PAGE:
For those worried about the Capitals’ mental state Saturday night after the two losses in Pittsburgh, Bruce Boudreau’s bruisers produced their most energetic first period of the series. Their exertions didn’t lead to any goals, but they didn’t give up any, either - and they did manage keep the puck in the offensive end much more than they had at Mellon Arena.

Boudreau, searching for answers, had Backstrom centering the top line of Ovechkin and Viktor Kozlov - perhaps because the coach was concerned about Sergei Fedorov’s ability to recover quickly after playing a game just 24 hours earlier. Twenty-one-year-old legs, after all, tend to be more resilient than 39-year-old legs - unless the 39-year-old legs belong to Catherine Zeta-Jones.

The Phone Booth crowd must have been relieved to see that Ovechkin was still a free man after his much-publicized fender bender with the Penguins’ Sergei Gonchar in Game 4. Alex wasn’t even weighted down by one of those ankle bracelets they give to stalkers and people on home detention. That’s not to say he won’t be punished in the next few days - a $2,500 fine would be a suitable slap on the wrist - but a suspension would be a bigger crime than the “crime” itself.

Pay no attention to the shrieking coming out of the Steel City - or out of the Pittsburgh locker room, for that matter. Ovechkin’s “offense” doesn’t even compare to what the Penguins’ Shawn McEachern did to Capitals’ defenseman Calle Johansson in the 1994 playoffs. Pens fans, in their outrage at the loss of Gonchar, are exhibiting a selective memory.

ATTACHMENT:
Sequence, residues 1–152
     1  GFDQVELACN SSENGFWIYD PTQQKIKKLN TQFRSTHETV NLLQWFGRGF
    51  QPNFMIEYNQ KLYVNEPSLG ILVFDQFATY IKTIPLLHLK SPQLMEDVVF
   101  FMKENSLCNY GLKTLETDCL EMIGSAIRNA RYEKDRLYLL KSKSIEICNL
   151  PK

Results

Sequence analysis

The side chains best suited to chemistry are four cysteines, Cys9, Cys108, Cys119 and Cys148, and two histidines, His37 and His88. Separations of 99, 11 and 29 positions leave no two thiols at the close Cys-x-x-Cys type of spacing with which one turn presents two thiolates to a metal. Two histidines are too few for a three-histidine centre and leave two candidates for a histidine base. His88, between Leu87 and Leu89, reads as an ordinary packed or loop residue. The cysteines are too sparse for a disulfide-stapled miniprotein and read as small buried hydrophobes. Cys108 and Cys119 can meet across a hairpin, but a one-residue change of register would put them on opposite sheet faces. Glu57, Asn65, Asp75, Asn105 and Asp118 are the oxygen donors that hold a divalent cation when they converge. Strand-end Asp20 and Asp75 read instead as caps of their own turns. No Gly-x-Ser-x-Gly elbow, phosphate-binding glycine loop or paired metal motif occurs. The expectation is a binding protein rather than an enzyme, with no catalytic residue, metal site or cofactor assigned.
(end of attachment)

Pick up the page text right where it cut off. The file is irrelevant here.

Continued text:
Part of the reason they’ve “forgotten,” no doubt, is that ‘94 is the only time the Caps have beaten the Penguins in the playoffs. Anyway, in the sixth and final game, as a parting shot, McEachern slashed Johansson in the back of the legs and incapacitated him for the rest of the postseason. The nerve damage was so extensive that it was months before Calle got the feeling back in his legs.

Without one of their top defensemen, a guy who played 17 years in the NHL at a very high level, the Capitals were eliminated in the next round. McEachern’s wound up having to sit out three games, but not until the next season - and obviously, it didn’t impact at all on the Pens playoffwise. NHL VP Brian Burke, the Colin Campbell of that era, went as far as make excuses for McEachern when the penalty was announced.

“The blow… was not vicious nor intended to injure,” he said. “However, his actions did have unfortunate consequences.”

Yeah, Brian, consequences like Calle couldn’t walk normally for two months.

(Boy, it’s a good thing it wasn’t a vicious blow.)

Thought Ovie’s roughing up of Gonchar deserved a little historical perspective. I mean, at least Ovie was looking him in the eye when he barreled into him. He didn’t whack his opponent when he had his back turned, like the pusillanimous McEachern did.

Not that that will matter when the series returns to Pittsburgh. Ovechkin will still be Public Enemy No. 1 at Igloo.